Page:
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Rangiroa

I recently returned from Rangiroa, an atoll that is part of the French Polynesian islands. This is an area that is well known for scuba diving and we were definitely not disappointed! We saw dozens of sharks, enormous eagle rays swimming in formation, sea turtles, dolphins and their babies, huge schools of fish and a giant moray eel! It is a rare privilege to be able to experience such a vibrance and diversity of marine life anywhere in the world and serves as a reaffirmation of the critical task facing us all to keep it intact!

Alexandra and Joseph

photo by Laetitia Scuiller

Protecting marine life is something that the native Polynesians understand. On Rangiroa, you often see young men spear fishing for their family's dinner. They tie buckets to cords tied around their waists and throw their fish into it as they move along the reefs in the turquoise blue waters of the lagoon. Knowing that sharks are attracted to spear fishermen, I asked one of them, named Joseph, if he had ever had trouble with sharks. He pointed to his upper thigh and showed me the bite mark of a small lemon shark. Here is how the rest of our conversation went.

Joseph: "Actually, I was bitten once. I had been spear fishing my whole life ever since I was a little boy and they never bothered me. But this one time, a shark was swimming around me acting strange. I should have gotten out of the water but I didn't think it would bite me so I stayed."

Alexandra: "Oh my goodness Joseph! That must have been terribly painful! Do you still get in the water to go spear fishing? Did your experience make you afraid of sharks?"

J: "Absolutely not! When we get in the water, we enter their world. Sharks are my companions on all my dives and have never hurt me. In fact, for many families here, sharks are their totem- a protective force that keeps families safe from harm. Lots of people spear fish every day here and hardly anyone ever gets hurt by a shark."

A: "So if sharks aren't considered dangerous to people, why did you get bitten?"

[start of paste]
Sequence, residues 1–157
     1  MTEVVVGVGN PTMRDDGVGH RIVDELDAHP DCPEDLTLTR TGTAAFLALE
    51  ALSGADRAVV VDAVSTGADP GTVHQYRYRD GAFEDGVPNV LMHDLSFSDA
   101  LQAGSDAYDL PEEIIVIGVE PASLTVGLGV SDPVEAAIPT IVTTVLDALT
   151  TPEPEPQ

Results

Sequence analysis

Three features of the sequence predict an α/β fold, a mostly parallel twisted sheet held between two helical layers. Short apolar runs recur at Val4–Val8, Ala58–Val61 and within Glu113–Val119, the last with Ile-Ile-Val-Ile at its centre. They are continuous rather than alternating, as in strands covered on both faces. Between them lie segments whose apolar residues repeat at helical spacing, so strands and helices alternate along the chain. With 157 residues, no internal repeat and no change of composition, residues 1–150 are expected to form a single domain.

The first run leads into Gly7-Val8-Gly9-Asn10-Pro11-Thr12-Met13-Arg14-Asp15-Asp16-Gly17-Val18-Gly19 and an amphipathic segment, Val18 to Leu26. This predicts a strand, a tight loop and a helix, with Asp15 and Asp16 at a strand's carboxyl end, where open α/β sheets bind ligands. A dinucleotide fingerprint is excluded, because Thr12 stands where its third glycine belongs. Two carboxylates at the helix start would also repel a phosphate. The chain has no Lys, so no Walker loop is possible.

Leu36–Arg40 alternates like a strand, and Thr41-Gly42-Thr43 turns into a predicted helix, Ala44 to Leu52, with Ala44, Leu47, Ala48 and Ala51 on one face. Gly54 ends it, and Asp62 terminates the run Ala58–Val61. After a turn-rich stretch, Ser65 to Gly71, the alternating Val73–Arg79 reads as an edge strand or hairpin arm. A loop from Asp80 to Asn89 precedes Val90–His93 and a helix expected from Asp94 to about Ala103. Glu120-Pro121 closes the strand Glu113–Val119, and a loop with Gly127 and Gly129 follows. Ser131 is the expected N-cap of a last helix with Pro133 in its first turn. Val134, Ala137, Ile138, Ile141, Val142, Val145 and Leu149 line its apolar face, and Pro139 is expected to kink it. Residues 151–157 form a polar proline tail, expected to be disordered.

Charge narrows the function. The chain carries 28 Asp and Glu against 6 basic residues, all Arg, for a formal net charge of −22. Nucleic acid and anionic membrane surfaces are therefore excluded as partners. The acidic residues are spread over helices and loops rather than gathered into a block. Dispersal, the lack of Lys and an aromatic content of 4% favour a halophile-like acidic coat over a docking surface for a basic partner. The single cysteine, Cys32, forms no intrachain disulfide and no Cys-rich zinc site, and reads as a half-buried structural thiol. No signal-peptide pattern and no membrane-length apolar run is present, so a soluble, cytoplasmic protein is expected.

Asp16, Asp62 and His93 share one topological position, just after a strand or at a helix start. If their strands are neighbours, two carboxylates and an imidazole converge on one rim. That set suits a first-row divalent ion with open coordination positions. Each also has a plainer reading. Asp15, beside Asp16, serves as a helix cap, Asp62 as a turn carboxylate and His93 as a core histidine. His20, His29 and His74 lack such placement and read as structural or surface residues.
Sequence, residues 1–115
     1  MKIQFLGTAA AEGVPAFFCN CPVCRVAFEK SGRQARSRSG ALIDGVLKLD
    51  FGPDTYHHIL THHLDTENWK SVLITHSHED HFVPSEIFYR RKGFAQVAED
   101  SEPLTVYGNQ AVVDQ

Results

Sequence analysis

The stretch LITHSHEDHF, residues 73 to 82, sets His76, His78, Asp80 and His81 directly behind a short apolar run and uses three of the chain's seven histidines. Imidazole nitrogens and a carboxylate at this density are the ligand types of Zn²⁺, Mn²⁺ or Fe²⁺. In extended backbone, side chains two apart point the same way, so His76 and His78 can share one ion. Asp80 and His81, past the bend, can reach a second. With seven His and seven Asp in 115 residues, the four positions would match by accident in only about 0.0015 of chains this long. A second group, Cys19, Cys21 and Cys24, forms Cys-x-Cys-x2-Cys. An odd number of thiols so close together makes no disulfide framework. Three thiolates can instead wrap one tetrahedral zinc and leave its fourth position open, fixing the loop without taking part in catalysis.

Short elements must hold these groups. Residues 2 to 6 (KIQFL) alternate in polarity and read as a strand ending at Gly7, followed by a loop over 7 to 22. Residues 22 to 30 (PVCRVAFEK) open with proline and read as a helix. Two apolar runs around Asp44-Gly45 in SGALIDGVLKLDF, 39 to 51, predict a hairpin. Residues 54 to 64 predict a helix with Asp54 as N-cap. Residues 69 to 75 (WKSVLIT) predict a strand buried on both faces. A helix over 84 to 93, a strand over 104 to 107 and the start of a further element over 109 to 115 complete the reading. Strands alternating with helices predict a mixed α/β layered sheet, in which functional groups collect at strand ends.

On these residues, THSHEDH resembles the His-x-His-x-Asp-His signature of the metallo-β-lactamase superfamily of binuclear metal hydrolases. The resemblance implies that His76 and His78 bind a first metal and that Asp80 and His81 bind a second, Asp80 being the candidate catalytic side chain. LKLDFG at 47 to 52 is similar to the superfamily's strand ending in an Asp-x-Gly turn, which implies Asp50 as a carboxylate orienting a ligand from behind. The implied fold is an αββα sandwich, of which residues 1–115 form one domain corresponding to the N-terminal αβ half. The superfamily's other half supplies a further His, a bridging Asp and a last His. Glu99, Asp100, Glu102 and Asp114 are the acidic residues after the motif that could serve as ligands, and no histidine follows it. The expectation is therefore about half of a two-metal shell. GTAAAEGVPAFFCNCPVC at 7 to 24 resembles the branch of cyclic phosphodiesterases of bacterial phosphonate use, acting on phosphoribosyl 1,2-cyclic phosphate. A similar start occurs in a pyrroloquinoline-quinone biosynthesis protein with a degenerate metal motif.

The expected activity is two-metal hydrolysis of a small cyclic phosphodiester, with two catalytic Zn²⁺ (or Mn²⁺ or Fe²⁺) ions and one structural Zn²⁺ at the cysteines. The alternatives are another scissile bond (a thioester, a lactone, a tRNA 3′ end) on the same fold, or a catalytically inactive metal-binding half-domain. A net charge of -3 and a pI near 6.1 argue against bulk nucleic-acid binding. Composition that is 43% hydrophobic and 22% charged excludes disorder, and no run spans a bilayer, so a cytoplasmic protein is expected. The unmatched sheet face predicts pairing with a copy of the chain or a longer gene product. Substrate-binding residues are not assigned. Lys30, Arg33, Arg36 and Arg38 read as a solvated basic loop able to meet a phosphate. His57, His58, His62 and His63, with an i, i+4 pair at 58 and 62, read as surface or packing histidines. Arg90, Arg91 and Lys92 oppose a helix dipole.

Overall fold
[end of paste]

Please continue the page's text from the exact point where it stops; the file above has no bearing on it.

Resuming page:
J: (laughing) "Oh that was my father's fault! The shark isn't to blame at all!!"

A: (dumbfounded) "Uh... how so?"

J: "Well, ever since the time of my great great great grandparents, everyone knows that you can't fight at home when a member of your family is in the water because then a shark might bite them. When I saw the shark acting strange, I should have known. At the very moment I was bitten, my dad was yelling at my kid brother for something he did. And I got bitten by the shark. If my dad had been more careful about not creating tension at home when I was out fishing, I never would have been bitten. So it really wasn't the shark's fault."

A: "Does that happen a lot?"

J: "Not really. Families here are really careful about not fighting when someone is out fishing. But the only other cases of shark bites happened because the families were fighting. That's what does it every time!"

A: "So you really aren't afraid of sharks. That's so great Joseph. What do you think about people from the US and Europe who are so terrified of sharks. Did you see the movie "Jaws"? Did it scare you?"

J: "Well sure, it’s a scary movie. But the idea that a shark would attack a boat just to eat the people inside is ridiculous! And usually the bigger sharks are the more mellow sharks. The little ones are usually a little more skittish since they still have so much to learn about how to survive. But a giant shark attacking boats and people that way... it’s just silly. I think that the reason people are scared of sharks is just that they have never seen them in the wild. If people knew sharks the way I do, they wouldn't be scared, they would want to protect them."

Enough said. Thank you, Joseph.